Yoga Origin - Sanskrit "yuj" or "yug" Meaning - to yoke, or unite
Originating around the 5th or 6th century BCE in India, yoga includes a range of physical, mental and spiritual practices with the common aim of uniting the body, mind and spirit.
Much modern interpretation of yoga is taken from the Yoga Sutra by Patanjali, written 2000 years ago. The yoga sutras, a collection of short philosophical statements, broke yoga down in to eight "limbs" or ashtanga (ashta=eight, anga=limb), each of which provides guidance over an aspect of human life. Of these, "asana", the physical practice to which the term yoga usually refers today, is just one of those limbs. Asana, or hatha yoga, is the third limb of yoga, concerned with the care of the physical body, through which we might develop discipline, concentration and stillness, necessary for meditation and spiritual growth.
The other seven limbs include pranayama (breath control) and dhyana (meditation). More on the eight limbs can be found here.
Sarvanga Origin - Sanskrit "sarva" and "anga" Meaning - whole body, or all limbs
The name Sarvanga comes from the sanskrit “whole body” and reflects the all encompassing nature of yoga- a practice which engages every muscle, your mind and your spirit. It also reflects my belief that yoga is a whole body-mind way of exercising, growing stronger, calmer and learning to be at ease with your body and your own self.
A strong mind and a strong body work well together, but neglect one and you may find the other doesn’t work quite so well either. Yoga is a powerful way of realising that your body and mind are one, part of a single system that must learn to work in balance. Engaging with this as we practice brings depth to our understanding of ourselves and our wellbeing and teaches us to respect the openness of our minds and the wisdom of our bodies. We learn to listen to ourselves, to move with greater ease and give our minds the space to think clearly, we provide ourselves new and healthy ways of expressing our emotions. We give ourselves space to relax.
Yoga asanas have many variations and modifications enabling yoga to be practice by almost any individual with their unique range of movement, and even with very limited movement, pranayama (breath work) and meditation can be wonderfully beneficial and accessible.
THE BENEFITS OF YOGA
Yoga benefits can be seen as falling in to 3 key areas:
1. Mental and emotional
relieve stress, tension and anxiety
improve sleep patterns
boost concentration and memory
increase focus and mental discipline
2. Exercise (and rehabilitation)
increase strength & improve muscle tone
increase and maintain flexibility
improves circulation and the immune system
injury prevention and recovery
deepens our awareness of ourselves and our connection to the subtle world around us
stills the mind
connects us to our inate inner wisdom, the inner guru
Credited with everything from improving flexibility to elevating consciousness, the benefits of yoga are as diverse as its many forms.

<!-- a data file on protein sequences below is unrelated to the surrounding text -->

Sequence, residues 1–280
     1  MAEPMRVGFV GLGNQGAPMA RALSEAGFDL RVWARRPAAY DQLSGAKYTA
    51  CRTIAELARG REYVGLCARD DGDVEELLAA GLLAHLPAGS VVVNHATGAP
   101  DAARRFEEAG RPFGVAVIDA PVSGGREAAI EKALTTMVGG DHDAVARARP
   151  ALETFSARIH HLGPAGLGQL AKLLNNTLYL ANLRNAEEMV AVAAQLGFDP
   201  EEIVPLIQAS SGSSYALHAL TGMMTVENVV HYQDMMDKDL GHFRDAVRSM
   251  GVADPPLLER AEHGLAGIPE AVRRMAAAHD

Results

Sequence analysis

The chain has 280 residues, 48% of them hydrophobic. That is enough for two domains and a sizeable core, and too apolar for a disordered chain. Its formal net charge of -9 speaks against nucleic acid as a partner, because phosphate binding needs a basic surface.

Dozens of scientific studies have examined these claims, and whilst there is always room for further information, there is evidence to suggest regular yoga practice can help those with stress, depression, aches and pains, heart disease and high blood pressure. By improving balance and strengthening the lower body, yoga can help prevent falls. Yoga is a great way for those with limited movement, or conditions such as arthritis to take gentle exercise.
There are no age limits to yoga, it can be practised from very early in life (babies are seen to benefit from gentle yoga stretches) right through to your advanced years. And you don’t need to be fit or flexible to join in, there are classes to suit all abilities, even classes which are chair based. To join a general mixed ability class you may need to be able to move up and down to the floor. For those with very specific requirement, one-to-one or private group classes can be a fantastic way for ensuring your practice meets your personal or group needs.
Yoga asana works physically by flexing and contracting your muscles, targeting a range of specific muscle groups but with a whole body focus. Most sitting or standing asana require us to engage our core muscles to maintain a position or protect our bodies. By regularly using muscles we build their strength, elasticity and flexibility, helping us to feel more awake and enjoy free and easy movement, guiding us to better posture and an improved relationship with our bodies.
As well as working our muscles, yoga, like other physical exercise, can strengthen our bones. A 2009 study* found that practicing yoga could increase bone density in older adults.
Typically yoga asana practice also asks us to allow our movement to be guided by our breath, which we learn to relax and control through particular breathing techniques. Some faster paced yoga classes such as Ashtanga can also help to improve stamina and aerobic ability.
By learning to slow and control our breath, we also slow our heart rate, helping to control or improve conditions such as high blood pressure, heart disease or aid recovery from a stroke.
In addition to its physical benefits, the wider limbs and study of yoga, including pranayama (breathwork) and meditation, offers mental, emotional and spiritual gains. Regular practice can relieve anxiety and stress, help to combat depression, boost memory and focus and allows us to create space to connect to our true and deeper selves. Yoga takes us out of the head, and into the heart.